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Geoscientific Model Development An interactive open-access journal of the European Geosciences Union
© Author(s) 2017. This work is distributed under
the Creative Commons Attribution 3.0 License.
Development and technical paper
31 Jan 2017
Review status
A revision of this discussion paper was accepted for the journal Geoscientific Model Development (GMD) and is expected to appear here in due course.
Calibrating Climate Models Using Inverse Methods: Case studies with HadAM3, HadAM3P and HadCM3
Simon F. B. Tett1, Kuniko Yamazaki1,2, Michael J. Mineter1, Coralia Cartis3, and Nathan Eizenberg3,4 1School of Geosciences, University of Edinburgh, Crew Building, Alexander Crum Brown Road, The King’s Buildings, Edinburgh EH9 3FF, UK
2Met Office, Fitzroy Road, Exeter, Devon, EX1 3PB, UK
3Mathematical Institute, University of Oxford, Andrew Wiles Building, Radcliffe Observatory Quarter, Woodstock Road, Oxford, OX2 6GG, UK
4Bureau of Meteorology, GPO Box 1289, Melbourne, VIC 3001, Australia
Abstract. Optimisation methods were successfully used to calibrate parameters in an atmospheric component of a climate model using two variants of the Gauss-Newton line-search algorithm. 1) A standard Gauss-Newton algorithm in which, in each iteration, all parameters were perturbed. 2) A randomized block-coordinate variant in which, in each iteration, a random sub-set of parameters was perturbed. The cost function to be minimized used multiple large-scale observations and was constrained to produce net radiative fluxes close to those observed. These algorithms were used to calibrate the HadAM3 (3rd Hadley Centre Atmospheric Model) model at N48 resolution and the HadAM3P model at N96 resolution.

For the HadAM3 model, cases with seven and fourteen parameters were tried. All ten 7-parameter cases using HadAM3 converged to cost function values similar to that of the standard configuration. For the 14-parameter cases several failed to converge, with the random variant in which 6 parameters were perturbed being most successful. Multiple sets of parameter values were found that produced multiple models very similar to the standard configuration. HadAM3 cases that converged were coupled to an ocean model and ran for 20 years starting from a pre-industrial HadCM3 (3rd Hadley Centre Coupled model) state resulting in several models whose global-average temperatures were consistent with pre-industrial estimates. For the 7-parameter cases the Gauss-Newton algorithm converged in about 70 evaluations. For the 14-parameter algorithm with 6 parameters being randomly perturbed about 80 evaluations were needed for convergence. However, when 8 parameters were randomly perturbed algorithm performance was poor. Our results suggest the computational cost for the Gauss-Newton algorithm scales between P and P2 where P is the number of parameters being calibrated.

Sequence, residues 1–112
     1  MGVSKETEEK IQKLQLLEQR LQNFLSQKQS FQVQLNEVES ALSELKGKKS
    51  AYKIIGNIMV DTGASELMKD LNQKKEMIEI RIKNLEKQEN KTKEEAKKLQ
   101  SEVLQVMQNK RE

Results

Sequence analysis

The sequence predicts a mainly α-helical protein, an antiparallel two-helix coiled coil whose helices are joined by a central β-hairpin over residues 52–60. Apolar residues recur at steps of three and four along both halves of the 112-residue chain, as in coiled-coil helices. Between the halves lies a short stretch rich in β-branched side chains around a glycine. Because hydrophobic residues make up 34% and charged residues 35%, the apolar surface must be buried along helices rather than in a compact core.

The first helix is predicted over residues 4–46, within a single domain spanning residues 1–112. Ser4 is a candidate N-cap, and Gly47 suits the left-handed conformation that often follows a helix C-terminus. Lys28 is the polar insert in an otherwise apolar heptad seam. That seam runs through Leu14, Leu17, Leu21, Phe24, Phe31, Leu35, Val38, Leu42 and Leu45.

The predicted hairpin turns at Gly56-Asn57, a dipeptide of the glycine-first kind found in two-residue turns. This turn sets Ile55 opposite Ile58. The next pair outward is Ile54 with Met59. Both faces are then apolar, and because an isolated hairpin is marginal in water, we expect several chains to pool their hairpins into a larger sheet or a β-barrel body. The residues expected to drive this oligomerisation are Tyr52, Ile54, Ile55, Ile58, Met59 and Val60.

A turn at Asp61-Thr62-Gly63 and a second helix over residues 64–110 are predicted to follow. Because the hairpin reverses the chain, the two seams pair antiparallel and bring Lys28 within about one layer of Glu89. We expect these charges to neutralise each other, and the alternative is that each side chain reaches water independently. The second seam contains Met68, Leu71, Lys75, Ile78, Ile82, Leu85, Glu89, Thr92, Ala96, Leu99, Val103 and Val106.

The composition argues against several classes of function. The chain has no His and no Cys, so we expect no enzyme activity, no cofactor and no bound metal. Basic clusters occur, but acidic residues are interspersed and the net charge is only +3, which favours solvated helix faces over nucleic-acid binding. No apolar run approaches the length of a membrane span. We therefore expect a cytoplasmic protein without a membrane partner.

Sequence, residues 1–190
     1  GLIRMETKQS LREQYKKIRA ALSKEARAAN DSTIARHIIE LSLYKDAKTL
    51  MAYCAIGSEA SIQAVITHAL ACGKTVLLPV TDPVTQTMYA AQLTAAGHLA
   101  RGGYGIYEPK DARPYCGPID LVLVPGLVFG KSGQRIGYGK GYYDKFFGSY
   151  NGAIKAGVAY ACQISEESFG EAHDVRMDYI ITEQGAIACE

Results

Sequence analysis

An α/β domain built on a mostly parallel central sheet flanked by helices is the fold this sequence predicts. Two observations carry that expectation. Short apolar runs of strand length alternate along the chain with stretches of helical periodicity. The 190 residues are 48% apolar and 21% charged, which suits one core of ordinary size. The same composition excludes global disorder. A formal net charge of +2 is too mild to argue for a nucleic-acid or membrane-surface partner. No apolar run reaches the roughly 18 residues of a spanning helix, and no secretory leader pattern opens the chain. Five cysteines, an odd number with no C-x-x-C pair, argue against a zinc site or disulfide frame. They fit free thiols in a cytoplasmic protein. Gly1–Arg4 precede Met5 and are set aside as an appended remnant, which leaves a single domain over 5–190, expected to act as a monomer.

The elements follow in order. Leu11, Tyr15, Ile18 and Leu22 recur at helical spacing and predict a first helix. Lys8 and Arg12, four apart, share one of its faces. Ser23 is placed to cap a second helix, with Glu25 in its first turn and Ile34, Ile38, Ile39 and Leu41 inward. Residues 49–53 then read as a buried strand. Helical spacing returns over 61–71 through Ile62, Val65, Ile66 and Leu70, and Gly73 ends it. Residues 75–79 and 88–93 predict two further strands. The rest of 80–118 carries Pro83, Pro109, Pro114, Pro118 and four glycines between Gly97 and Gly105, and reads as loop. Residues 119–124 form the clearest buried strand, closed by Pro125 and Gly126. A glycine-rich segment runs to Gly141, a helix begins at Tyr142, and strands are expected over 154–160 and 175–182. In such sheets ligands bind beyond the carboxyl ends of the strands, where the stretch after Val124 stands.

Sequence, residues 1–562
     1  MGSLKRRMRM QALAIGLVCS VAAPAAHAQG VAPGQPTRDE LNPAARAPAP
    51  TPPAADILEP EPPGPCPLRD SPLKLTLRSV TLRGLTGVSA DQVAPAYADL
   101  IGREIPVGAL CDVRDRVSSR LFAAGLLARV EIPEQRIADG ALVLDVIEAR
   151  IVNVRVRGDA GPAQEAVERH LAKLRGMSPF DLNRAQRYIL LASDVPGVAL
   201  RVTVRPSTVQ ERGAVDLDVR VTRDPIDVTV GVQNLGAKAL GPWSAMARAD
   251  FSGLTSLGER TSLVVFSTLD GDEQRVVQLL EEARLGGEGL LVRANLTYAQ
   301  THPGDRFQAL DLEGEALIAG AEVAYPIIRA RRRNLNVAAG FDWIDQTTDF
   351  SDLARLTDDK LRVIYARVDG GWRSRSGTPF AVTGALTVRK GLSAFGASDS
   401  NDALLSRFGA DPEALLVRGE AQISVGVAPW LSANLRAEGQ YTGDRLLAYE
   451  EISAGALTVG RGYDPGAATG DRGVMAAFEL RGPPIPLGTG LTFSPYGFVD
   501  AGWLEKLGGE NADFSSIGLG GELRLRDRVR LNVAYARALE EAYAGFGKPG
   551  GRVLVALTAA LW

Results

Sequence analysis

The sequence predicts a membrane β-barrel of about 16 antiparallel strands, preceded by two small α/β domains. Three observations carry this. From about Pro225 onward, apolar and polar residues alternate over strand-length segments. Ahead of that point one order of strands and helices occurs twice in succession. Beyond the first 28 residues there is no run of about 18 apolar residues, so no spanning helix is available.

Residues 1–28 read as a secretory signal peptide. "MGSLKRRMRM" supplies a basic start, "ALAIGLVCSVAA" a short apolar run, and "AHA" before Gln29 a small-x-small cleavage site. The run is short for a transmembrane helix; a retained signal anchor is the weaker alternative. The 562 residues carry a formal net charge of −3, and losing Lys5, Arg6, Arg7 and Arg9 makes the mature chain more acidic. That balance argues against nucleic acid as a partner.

For the HadAM3P model three algorithms were tested. Algorithms in which seven parameters were perturbed and three out of seven parameters randomly perturbed produced final configurations comparable to the standard hand tuned configuration. An algorithm in which six out of thirteen parameters were randomly perturbed failed to converge.

These results suggest that automatic parameter calibration using atmospheric models is feasible and that the resulting coupled models are stable. Thus, automatic calibration could replace human driven trial and error. However, convergence and costs are, likely, sensitive to details of the algorithm.

Citation: Tett, S. F. B., Yamazaki, K., Mineter, M. J., Cartis, C., and Eizenberg, N.: Calibrating Climate Models Using Inverse Methods: Case studies with HadAM3, HadAM3P and HadCM3, Geosci. Model Dev. Discuss.,, in review, 2017.
Simon F. B. Tett et al.
Simon F. B. Tett et al.
Simon F. B. Tett et al.


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Publications Copernicus
Short summary
The paper shows it is possible to automatically calibrate the parameters in the atmospheric component of a climate model. The resulting atmosphere/ocean models are often, but not always, stable and realistic. The computational cost to do this is feasible. The implications are that it is possible to generate multiple configurations of a single model with different parameter values but which all look similar to the standard model and that the techniques could be used to calibrate other models.
The paper shows it is possible to automatically calibrate the parameters in the atmospheric...